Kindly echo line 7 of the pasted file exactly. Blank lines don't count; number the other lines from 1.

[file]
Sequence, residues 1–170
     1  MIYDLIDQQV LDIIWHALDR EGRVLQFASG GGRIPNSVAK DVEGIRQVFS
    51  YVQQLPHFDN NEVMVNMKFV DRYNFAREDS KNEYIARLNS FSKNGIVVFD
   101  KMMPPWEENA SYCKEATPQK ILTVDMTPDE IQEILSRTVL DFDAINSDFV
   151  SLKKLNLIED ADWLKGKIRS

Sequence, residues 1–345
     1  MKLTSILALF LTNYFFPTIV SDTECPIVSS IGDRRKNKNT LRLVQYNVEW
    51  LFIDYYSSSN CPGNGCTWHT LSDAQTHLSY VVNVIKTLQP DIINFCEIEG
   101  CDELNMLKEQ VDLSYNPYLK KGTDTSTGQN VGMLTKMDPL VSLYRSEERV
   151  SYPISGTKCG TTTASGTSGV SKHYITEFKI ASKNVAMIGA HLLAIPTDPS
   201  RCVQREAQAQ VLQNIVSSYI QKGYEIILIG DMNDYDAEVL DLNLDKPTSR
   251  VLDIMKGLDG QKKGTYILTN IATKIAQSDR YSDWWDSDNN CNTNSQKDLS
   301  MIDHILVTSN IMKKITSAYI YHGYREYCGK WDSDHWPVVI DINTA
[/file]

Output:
     1  MKLTSILALF LTNYFFPTIV SDTECPIVSS IGDRRKNKNT LRLVQYNVEW